The allure and status of neon has been subtly changed, possibly even enhanced, by the advent and spread of LEDs. It so happens that the greatest light show on earth also takes place in Nevada, a couple of hours north of Reno, the state’s other gambling mecca. The lights of Black Rock City, home of the annual Burning Man festival, are overwhelmingly LEDs these days. They’re utterly stupendous but, here and there, you spot a few ghostly vestiges of neon, palely loitering, bathing the desert twilight in a calm and quiet glow. Neon, in this context of cutting-edge technological illumination, feels like a refuge: a source of quiet contemplation.
Back in the fallen world of motels such as the Blue Angel, meanwhile, it’s tempting to go parodically semiotic and rush into the realm of pure sign, floating free from its signifier! Maybe it was different half a century ago, but the motel fruit seemed pretty stale when I got round to tasting it at about the time these pictures were made. Romance shriveled the moment you entered the room. The smell, overwhelmingly, was of masking: scented cleaning products designed to hide other smells, though there usually lurked a kind of mildewy under-odor that seemed connected to the icy rattle of the AC. (Back in the golden age the cover-up must have required even more chemical-industrial might in the diurnal struggle to start afresh by erasing the stale linger of cigarettes.) If the nose was quick to adjust, the eye took longer to come to terms with the bedcover, the moulded sink, the downtrodden carpet — all in merciless view by virtue of lighting which was the opposite of neon. Tom Wolfe pointed out that the defining architectural feature of the motel — no need ‘to go through a public lobby to get to your room’ — ‘did more than the pill to encourage what would later be rather primly called “the sexual revolution”’. But the lighting in those rooms was so functional as to be at odds with the explicit goal of the revolution: recreational or non-functional fornication. If anything the rooms, with their minimal soundproofing, seemed designed for over-hearing other people going at it. All of which left one with a profound indifference to the promises and possibilities alluringly displayed by the neon outside. The experience ended up being so life-denying that if you heard someone being murdered in the room next door your first impulse would be to complain about the noise. The second would be to kill yourself instead — ideally, like Nicolas Cage in Leaving Las Vegas, by drinking yourself to death.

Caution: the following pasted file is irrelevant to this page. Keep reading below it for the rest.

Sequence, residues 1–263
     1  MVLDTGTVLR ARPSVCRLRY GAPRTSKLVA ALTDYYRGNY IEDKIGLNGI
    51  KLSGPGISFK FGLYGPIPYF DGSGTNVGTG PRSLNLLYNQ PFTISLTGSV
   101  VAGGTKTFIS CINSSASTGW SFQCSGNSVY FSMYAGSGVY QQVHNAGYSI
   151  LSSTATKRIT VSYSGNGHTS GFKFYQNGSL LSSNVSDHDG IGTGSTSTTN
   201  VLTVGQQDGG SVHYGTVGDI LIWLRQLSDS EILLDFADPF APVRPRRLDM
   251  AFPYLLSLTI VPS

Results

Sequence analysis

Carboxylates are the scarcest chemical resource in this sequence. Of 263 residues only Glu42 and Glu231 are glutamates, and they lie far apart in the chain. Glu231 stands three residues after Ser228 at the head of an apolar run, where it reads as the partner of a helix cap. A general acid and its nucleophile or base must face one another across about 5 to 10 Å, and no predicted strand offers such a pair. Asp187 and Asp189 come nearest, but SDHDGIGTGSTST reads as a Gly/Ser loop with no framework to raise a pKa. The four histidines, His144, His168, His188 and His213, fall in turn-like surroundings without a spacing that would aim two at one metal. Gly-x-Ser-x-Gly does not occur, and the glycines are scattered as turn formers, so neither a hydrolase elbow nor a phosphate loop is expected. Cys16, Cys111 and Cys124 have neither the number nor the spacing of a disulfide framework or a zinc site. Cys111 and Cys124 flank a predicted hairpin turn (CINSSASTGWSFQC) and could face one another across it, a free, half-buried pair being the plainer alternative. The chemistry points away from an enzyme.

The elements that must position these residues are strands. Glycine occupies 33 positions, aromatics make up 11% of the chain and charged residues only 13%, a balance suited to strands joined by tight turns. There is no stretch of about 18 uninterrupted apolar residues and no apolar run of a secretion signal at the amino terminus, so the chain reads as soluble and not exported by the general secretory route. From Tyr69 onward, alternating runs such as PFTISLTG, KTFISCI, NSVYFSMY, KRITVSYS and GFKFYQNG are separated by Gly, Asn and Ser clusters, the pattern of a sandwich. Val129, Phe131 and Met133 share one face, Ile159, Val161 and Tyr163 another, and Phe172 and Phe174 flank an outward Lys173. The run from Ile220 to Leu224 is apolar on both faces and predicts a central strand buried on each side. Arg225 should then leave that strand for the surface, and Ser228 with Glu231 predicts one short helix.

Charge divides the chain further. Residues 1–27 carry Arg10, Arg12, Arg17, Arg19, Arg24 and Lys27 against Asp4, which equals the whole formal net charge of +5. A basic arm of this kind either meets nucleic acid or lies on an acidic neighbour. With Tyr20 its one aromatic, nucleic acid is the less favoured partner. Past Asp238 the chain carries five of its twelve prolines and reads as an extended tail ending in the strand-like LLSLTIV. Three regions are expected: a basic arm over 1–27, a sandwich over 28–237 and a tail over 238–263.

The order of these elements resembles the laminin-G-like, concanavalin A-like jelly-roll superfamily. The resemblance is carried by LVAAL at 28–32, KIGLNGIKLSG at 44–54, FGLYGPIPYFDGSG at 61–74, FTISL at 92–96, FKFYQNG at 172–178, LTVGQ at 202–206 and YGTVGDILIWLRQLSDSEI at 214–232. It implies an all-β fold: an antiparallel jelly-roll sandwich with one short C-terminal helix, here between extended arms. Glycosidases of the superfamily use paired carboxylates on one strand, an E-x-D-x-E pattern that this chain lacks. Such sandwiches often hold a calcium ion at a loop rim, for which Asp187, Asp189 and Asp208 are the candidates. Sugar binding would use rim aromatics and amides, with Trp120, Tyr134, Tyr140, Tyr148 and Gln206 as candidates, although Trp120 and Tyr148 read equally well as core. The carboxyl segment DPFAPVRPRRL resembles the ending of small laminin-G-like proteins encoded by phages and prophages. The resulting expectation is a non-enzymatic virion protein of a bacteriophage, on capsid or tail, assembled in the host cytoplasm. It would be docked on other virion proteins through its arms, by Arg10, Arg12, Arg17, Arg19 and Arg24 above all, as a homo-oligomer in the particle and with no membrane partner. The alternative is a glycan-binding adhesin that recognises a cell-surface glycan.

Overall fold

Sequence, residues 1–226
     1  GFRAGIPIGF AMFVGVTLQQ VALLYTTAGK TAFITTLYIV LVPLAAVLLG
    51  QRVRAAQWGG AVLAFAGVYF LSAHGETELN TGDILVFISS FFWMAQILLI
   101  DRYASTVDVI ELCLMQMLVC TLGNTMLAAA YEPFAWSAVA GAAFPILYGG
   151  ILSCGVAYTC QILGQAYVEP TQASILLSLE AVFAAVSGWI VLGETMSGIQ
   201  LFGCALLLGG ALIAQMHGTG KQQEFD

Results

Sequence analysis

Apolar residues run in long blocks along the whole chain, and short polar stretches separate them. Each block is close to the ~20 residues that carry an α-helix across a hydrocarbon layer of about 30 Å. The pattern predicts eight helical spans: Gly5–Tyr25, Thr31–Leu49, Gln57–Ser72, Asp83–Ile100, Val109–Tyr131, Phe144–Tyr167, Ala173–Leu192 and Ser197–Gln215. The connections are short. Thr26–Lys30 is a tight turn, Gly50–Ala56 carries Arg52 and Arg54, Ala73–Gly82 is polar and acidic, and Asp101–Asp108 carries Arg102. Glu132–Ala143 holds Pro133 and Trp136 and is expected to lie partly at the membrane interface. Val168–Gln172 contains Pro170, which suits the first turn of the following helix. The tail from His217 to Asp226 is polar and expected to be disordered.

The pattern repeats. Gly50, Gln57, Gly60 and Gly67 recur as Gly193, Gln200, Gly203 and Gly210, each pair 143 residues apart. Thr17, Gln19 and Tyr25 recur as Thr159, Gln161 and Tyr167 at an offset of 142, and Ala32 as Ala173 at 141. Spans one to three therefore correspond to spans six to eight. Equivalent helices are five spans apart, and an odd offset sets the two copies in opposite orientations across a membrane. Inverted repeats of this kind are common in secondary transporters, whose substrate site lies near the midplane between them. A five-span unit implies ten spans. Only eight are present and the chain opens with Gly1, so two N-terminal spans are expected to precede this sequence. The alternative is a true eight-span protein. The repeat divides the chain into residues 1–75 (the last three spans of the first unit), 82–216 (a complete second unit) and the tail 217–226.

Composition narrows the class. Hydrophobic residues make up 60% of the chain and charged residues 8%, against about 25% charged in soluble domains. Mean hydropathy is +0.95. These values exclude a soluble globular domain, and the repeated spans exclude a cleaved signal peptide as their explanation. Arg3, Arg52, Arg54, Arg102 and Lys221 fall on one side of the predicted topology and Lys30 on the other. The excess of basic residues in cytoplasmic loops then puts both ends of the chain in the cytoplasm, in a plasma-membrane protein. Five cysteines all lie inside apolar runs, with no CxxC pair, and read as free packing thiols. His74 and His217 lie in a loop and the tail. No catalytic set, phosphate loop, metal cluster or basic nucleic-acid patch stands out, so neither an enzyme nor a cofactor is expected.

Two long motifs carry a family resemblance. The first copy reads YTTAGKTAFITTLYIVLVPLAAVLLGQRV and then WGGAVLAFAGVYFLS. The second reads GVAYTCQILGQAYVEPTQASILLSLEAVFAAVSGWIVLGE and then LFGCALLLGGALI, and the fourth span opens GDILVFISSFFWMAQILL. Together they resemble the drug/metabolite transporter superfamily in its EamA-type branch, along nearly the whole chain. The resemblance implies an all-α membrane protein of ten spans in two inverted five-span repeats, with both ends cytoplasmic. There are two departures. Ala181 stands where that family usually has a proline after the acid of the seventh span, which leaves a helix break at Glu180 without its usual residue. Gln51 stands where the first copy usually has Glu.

Obliged, then, to speak of the broken promise of motel neon it makes perfect sense that many of the signs in Sigman’s photographs have since gone belly-up. Daylit shadows of their former selves, they were condemned to a boneyard of dead light where they could be plundered for parts used to bring other ailing signs flickering back to life. In a real sign of the times Vegas now boasts a museum of neon, a glowing cross between the V&A in London and the V of K (Valley of the Kings) in Luxor — the place in Egypt, I mean, not the casino-hotel. It’s well worth a visit, and it’s good to know that a place of displayed rest in the afterlife has been found, in the darkness on the edge of town.
This article was originally published in The Spectator magazine.